The deadly insurgency group in Nigeria’s North-East, Boko Haram, have reportedly attacked another Nigeria Military base in Borno State were soldiers have been displaced, killed and wounded.
The armed Boko Haram thugs drove unconfirmed number of trucks into Gubio Local Government Area at about 5:30 p.m. on May 19, military sources confirmed. They attacked a camp housing the Nigerian Army 5 Brigade and the 159 Task Force Battalion, leaving at least one soldier dead and three others injured.
Six soldiers were still missing as of Tuesday night, two days after the attack, sources said.
But soldiers were able to repel most of the Boko Haram attackers before they could inflict maximum damage, killing at lease one of them with some guns recovered.
The Nigerian Army has not issued a statement on the attack. The spokesperson, Sagir Musa, did not immediately return calls seeking comments on Wednesday morning. The military contacts spoke under anonymity because the military top brass had not authorised disclosure of the attack to the media.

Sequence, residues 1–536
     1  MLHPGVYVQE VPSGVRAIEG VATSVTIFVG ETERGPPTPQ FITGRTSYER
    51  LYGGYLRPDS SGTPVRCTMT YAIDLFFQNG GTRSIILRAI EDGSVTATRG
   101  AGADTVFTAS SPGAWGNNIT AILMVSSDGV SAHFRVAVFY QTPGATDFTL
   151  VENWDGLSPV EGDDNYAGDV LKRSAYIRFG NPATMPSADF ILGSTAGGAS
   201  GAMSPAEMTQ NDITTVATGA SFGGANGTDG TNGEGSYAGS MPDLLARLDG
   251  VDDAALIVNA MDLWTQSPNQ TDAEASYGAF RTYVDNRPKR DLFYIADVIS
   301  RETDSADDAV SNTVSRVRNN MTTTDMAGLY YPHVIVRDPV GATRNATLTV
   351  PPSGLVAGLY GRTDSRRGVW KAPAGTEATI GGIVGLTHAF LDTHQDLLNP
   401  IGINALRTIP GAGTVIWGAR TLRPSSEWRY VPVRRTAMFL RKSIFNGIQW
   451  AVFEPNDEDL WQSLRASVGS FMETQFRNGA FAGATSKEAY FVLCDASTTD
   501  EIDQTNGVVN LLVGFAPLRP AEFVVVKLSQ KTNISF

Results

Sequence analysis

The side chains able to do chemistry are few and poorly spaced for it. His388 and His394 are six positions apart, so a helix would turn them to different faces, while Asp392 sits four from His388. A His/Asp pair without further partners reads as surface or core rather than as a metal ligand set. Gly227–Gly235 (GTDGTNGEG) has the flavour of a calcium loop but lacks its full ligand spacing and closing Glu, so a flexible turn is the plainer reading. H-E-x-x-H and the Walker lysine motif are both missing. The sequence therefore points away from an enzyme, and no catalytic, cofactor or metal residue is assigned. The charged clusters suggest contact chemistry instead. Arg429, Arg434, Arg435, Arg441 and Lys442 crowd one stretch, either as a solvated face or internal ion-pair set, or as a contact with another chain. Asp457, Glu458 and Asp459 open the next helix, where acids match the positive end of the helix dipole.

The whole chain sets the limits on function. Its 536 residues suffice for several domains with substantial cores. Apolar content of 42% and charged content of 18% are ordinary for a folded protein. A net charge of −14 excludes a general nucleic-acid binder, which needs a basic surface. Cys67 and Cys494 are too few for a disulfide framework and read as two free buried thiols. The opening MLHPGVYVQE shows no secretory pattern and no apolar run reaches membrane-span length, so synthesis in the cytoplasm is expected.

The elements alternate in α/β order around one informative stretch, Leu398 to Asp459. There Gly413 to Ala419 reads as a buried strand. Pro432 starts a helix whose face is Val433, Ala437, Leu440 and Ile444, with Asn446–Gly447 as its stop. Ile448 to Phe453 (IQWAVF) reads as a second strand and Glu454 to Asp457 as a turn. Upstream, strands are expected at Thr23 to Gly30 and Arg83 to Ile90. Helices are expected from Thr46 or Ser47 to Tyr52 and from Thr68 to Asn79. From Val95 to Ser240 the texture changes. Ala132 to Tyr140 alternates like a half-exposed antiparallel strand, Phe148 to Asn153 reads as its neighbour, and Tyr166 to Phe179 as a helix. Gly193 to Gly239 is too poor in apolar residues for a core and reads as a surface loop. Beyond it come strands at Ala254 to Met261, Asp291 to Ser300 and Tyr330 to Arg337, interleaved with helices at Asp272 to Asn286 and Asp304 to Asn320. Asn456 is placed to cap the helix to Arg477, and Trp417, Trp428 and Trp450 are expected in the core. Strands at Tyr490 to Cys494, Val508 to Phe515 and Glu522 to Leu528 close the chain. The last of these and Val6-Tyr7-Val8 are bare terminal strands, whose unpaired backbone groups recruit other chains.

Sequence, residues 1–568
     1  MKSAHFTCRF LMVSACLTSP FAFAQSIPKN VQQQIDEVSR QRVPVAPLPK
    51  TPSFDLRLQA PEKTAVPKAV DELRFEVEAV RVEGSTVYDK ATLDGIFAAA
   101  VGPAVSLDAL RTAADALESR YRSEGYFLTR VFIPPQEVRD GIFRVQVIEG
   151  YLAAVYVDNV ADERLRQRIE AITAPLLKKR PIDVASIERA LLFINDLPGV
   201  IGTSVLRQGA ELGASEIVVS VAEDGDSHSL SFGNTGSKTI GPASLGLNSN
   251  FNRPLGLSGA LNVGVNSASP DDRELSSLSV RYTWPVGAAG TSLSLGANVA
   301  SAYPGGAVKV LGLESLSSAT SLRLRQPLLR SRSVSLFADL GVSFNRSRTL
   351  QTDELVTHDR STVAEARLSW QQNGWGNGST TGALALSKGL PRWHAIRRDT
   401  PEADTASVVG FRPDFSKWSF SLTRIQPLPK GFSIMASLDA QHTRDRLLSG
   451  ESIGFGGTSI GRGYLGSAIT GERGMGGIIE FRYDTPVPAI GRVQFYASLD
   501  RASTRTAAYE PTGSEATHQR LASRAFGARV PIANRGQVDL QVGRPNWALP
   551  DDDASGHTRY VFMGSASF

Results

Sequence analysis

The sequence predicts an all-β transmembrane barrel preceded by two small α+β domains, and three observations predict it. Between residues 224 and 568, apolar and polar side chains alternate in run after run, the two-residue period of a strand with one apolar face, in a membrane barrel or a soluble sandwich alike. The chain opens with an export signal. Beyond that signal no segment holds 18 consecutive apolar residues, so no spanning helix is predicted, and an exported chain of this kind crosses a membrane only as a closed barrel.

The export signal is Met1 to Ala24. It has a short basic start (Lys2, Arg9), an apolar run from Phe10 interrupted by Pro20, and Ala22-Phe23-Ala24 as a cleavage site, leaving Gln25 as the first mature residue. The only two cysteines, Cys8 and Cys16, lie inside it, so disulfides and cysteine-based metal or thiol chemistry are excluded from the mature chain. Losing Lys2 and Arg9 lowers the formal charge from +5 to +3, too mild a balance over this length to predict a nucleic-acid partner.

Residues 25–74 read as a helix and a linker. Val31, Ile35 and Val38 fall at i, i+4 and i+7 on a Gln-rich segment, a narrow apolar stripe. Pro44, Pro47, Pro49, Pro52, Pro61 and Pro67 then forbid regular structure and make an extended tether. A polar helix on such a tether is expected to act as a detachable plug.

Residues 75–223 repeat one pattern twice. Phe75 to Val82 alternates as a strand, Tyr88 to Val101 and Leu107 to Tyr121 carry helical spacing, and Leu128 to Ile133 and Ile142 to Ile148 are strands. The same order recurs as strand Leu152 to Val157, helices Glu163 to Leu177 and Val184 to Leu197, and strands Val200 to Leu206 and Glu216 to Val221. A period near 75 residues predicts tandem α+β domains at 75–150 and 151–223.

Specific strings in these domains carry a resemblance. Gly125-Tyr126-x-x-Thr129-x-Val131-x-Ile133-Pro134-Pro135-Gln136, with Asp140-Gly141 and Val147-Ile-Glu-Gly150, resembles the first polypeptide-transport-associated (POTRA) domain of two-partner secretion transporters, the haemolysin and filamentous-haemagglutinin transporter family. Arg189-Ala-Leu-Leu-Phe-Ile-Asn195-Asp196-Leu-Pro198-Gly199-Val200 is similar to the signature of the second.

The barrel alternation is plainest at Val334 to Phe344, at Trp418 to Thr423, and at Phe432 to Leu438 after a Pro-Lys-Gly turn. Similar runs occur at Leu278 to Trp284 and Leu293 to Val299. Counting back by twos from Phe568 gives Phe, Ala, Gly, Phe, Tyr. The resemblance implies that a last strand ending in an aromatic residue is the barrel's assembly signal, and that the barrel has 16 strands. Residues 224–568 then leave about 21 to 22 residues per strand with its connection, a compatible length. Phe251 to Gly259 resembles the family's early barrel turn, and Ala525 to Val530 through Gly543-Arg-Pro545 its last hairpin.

The attack occurred barely three days after the military acceded to the request of Gubio residents for an additional time for farmers to return home daily.
The farmers had complained that the curfew hitherto in place was obstructing their farming activities because it required them to stop working on their farm before 4:00 p.m.
Several residents were reported to have been arrested because they sometimes stayed beyond the 4:00 p.m. in their farms.
Following complaints from the community association, the 5 Brigade commander approved an extension of the curfew until 5:30 p.m..
It was not immediately clear whether or not the relaxed measures created a loophole which the insurgents exploited to strike on Sunday.
Despite wholesale strides recorded by the military, including the capturing of Sambisa Forest and other previously seized settlements, Borno has remained a major challenge for the Nigerian military, 10 years after the insurgency began there.
Even though Boko Haram has been largely defeated in some parts of the country where it once ran riot, its capacity in Borno has been largely elusive for the military to curb. Its fighters now regularly attack military bases, with a recent attack leaving a commander killed last week.